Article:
The appeal doesn’t cover Russia. Its figures, which are largely drawn from numbers provided by national governments, show that more than 2.8 million refugees from Ukraine have been taken in by Russia.

The NRC has been in Ukraine since the conflict broke out, but now it is very bad with the destruction of entire cities. Some areas have become more stable where we are able to help the internally displaced, and Ukrainians are now returning from abroad after initially fleeing. At the same time, others continue to be driven out from the south and the east of the country. I don’t know if I will fear for the winter. Millions will be freezing soon so we are preparing a winterization program and strengthening logistic lines from the neighboring states.

It’s a good thing that we want to help our neighbor who looks like us, has the same religion and can easily integrate in our societies but we should give protection according to need. In Europe people from the Middle East or Afghanistan are met with a cold shoulder and barbed wire whereas Ukrainians are welcomed. In the U.S., women and children who flee violence in their home countries don’t always get well received. This is a battle of values, and we must stand squarely on the side of those who need protection.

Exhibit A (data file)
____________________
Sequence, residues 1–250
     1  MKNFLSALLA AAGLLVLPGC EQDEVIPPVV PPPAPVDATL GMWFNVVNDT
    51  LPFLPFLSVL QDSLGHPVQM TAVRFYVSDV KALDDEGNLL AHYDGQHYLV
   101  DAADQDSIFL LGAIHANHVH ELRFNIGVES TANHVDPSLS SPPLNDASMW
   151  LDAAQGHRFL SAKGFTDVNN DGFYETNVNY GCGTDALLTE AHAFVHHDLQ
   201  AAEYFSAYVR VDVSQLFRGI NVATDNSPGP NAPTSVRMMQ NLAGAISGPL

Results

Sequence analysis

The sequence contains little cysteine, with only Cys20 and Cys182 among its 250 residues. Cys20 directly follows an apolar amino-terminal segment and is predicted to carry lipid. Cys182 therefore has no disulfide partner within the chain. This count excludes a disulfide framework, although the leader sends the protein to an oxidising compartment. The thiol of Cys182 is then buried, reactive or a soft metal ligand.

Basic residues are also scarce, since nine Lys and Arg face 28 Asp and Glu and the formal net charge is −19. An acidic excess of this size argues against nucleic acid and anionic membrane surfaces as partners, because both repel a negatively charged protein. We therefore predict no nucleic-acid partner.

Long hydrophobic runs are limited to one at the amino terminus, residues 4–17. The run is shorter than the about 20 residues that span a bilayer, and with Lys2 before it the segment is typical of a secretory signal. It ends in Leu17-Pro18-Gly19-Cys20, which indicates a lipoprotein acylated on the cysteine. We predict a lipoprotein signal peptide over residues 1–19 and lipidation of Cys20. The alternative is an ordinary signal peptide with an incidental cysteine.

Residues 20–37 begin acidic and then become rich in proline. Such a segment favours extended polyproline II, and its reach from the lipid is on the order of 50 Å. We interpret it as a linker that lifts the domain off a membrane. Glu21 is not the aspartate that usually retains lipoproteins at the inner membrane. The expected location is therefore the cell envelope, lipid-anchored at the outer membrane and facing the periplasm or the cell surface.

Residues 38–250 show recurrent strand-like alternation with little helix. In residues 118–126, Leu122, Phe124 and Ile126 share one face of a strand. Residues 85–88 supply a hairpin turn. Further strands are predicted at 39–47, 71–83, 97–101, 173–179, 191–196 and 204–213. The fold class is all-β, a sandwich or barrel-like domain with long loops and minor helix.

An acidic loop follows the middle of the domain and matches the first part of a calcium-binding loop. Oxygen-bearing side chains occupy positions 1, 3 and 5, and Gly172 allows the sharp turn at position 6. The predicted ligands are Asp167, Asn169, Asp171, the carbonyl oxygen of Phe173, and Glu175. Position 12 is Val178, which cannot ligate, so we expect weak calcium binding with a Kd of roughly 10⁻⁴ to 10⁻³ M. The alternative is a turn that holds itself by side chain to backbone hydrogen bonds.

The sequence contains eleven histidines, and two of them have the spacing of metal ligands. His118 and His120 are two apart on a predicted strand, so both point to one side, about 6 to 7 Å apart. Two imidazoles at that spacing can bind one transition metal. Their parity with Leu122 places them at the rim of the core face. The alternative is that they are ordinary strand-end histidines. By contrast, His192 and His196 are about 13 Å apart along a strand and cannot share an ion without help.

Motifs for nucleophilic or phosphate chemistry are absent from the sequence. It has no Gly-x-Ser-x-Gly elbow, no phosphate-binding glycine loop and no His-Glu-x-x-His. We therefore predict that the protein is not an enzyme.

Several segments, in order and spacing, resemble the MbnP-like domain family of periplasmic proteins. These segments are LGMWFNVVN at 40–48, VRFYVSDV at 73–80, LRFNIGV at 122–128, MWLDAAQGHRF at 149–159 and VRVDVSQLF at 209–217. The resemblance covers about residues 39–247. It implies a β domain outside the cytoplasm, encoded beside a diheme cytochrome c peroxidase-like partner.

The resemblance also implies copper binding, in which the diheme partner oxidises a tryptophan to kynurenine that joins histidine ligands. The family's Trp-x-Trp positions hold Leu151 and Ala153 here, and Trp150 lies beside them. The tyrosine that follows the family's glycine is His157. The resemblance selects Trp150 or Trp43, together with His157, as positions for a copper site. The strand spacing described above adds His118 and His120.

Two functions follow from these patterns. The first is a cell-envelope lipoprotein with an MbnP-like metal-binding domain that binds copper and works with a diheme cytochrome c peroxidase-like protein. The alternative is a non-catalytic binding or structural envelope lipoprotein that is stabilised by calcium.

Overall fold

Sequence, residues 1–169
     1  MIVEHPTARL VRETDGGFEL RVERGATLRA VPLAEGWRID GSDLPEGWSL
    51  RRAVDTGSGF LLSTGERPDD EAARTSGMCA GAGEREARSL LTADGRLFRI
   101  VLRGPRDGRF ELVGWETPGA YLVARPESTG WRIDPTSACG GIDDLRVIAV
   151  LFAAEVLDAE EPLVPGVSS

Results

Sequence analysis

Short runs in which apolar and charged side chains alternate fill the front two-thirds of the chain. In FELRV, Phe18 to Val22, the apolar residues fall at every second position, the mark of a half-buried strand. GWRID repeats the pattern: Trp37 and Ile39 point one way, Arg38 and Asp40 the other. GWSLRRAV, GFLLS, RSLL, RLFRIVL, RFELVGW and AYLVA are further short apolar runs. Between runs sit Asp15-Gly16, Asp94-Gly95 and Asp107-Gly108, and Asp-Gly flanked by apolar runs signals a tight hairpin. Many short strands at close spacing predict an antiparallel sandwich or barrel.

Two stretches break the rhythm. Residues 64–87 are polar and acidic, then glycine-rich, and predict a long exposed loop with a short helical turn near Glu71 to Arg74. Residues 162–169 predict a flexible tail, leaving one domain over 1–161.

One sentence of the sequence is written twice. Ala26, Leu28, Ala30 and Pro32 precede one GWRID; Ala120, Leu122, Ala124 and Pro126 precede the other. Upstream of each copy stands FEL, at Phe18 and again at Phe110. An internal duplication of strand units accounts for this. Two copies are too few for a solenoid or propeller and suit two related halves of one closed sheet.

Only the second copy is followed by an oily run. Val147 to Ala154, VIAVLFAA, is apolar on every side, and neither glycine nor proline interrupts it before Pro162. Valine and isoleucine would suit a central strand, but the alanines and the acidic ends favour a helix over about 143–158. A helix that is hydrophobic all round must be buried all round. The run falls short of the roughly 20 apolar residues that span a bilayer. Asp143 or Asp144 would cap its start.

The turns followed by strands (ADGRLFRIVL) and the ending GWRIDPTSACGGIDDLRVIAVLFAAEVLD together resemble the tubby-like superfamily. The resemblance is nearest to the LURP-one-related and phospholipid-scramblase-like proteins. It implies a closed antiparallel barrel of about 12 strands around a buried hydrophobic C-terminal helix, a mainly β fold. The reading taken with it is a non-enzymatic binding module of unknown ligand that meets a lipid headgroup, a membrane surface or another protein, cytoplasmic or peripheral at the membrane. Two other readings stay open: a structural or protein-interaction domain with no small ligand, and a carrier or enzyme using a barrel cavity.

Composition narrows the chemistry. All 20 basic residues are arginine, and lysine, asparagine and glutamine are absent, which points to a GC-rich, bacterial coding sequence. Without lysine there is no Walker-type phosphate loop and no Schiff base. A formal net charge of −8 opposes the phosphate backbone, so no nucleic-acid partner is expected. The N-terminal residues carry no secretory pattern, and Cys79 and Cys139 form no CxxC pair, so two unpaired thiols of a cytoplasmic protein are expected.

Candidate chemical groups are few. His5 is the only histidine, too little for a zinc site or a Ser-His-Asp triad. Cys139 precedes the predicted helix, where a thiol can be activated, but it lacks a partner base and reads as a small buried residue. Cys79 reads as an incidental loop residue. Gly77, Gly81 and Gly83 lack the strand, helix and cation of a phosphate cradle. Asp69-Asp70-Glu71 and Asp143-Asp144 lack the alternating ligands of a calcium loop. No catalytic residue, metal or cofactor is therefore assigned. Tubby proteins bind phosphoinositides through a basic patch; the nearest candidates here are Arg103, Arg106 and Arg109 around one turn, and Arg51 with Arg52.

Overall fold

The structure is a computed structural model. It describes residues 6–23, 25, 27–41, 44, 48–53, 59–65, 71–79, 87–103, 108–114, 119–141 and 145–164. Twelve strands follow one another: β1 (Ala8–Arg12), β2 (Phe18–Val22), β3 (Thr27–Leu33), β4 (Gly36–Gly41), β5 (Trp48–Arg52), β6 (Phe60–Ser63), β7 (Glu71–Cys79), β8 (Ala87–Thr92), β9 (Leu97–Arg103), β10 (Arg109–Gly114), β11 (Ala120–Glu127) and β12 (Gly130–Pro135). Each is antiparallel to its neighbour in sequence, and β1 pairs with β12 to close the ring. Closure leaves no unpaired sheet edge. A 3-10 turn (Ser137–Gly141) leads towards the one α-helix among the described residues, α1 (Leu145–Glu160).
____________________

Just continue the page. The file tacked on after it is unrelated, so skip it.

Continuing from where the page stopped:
We are able to live and breathe by humanitarian principles. This means we must teach our colleagues that they shouldn’t get close to a government that is involved in the conflict. But at the same time, we still need to have the respect, and the protection, of those parties. We always try to work on all sides – it pains me that we’re not able to work in the Russian-occupied areas of Ukraine.

It is now over a year since the West left Afghanistan, leaving behind 40 million mainly women and children, and they need our solidarity now more than ever. There must be a dialogue between the de facto authorities and the donor countries on issues such as minority protection. The very wrong response is to impose sanctions that do not take away food from Taliban soldiers but do make women and children starve.

Yes, I’m afraid of that. It’s the first time in recorded history that 100 million people have been displaced by war. In 2011, it was 40 million. This year, as many children as ever, are going to bed hungry. We need some countries to recognize that while they are struggling with high energy prices and nationalistic tendencies at home, it is significantly worse in the areas where we operate.